What are your observations on ethicality of clinical trials conducted in India? How do you compare these with the ones carried out in developed countries?
Emmanuelle: There are a lot of CROs in India. Some of them are of extremely high quality and they do a great job. We have partnered with few of these CROs.

Once in a while you will hear that the trials are not done ethically. Problem is that the story is blown up. Unfortunately, media gave it a huge coverage. It will only going to damage the reputation of number of excellent CROs.

Rajashree: If we compare ourselves with the global market, we somewhat still lag behind even though there has been tremendous progress in the last couple of years. Some of our clinical trials regulations requirements are very good and progressive in comparison to the ROW and in fact are more protective of vulnerable populations and minorities, such as mandatory registration of all new clinical trials in the CTRI, registration of ethics committees, and use of language encouraging respect of participants’ cultural, educational, and economic backgrounds etc which are addressing some of the grey areas in clinical research. We still have to further improve in aspects like documentation, transparency of the trial process including in the consenting process etc. in order to win back many of the MNC’s and Indian companies and attract them to conduct clinical trials in India rather than in abroad. If we look into the amendment on clinical trial regulation that came on 2014 December, the amendment seems to be balanced between industry and patients protection. Regulation is changing for the better. But we have to still work on the transparency of the trials and integrity of the trials to be in par with the developed countries.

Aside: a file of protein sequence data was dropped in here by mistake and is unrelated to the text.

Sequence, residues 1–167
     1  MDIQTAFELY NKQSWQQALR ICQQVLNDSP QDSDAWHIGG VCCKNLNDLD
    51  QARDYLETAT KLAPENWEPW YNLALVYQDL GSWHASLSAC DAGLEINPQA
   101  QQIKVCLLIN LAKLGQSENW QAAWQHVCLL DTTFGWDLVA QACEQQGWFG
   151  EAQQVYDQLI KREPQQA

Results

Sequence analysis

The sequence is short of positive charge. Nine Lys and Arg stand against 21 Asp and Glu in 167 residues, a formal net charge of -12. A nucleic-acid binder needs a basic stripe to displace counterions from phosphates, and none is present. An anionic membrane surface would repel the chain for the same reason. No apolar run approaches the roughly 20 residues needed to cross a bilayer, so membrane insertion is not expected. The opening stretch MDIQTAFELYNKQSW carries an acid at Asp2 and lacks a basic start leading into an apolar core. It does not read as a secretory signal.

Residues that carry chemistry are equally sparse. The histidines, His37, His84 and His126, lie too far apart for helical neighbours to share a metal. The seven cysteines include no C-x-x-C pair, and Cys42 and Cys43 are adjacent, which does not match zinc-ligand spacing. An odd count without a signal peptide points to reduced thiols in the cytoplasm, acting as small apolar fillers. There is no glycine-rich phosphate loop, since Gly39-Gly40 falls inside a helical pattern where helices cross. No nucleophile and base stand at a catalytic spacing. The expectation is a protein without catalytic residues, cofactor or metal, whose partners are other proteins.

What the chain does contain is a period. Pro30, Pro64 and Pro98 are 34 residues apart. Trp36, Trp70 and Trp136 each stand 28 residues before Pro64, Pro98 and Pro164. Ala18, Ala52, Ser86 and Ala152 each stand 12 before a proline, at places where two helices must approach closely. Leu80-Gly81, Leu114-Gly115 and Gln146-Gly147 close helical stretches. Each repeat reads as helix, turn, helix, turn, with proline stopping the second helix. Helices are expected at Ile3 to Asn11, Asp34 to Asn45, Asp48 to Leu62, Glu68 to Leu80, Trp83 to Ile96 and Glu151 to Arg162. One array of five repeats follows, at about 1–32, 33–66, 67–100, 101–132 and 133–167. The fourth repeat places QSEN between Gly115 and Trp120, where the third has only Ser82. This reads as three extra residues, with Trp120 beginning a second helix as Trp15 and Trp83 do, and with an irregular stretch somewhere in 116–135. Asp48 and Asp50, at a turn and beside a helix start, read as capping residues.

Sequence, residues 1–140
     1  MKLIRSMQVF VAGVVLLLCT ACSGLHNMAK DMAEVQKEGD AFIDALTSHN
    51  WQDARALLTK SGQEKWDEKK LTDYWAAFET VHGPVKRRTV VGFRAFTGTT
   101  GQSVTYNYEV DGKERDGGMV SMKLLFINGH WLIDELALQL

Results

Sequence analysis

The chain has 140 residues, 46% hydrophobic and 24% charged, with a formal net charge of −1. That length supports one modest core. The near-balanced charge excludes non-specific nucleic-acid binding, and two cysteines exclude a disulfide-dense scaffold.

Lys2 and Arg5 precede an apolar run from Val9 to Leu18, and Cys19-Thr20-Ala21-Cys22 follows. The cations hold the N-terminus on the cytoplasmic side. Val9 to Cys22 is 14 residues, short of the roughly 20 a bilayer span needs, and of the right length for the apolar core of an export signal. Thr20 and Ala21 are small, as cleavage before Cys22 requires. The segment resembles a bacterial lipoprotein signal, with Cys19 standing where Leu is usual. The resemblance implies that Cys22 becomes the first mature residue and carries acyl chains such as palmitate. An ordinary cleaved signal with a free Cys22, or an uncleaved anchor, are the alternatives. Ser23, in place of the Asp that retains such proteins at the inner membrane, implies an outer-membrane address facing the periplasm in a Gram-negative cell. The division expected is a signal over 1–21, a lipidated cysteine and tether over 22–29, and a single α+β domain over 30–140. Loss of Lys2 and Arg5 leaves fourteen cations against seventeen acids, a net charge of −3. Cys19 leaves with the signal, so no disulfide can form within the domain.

VCLS continues to assist its Global clients who wishes to enter Indian market in making an informal or strategic decision by keeping them informed of the local regulatory environment, provide advice on advantages and challenges of conducting clinical trials in India set up partnership to the clients as per their requirements, conduct due diligence and act as clients local representative, and assist in preparation of regulatory package and interact with regulators leading to successful approval for clinical trials or for marketing authorization.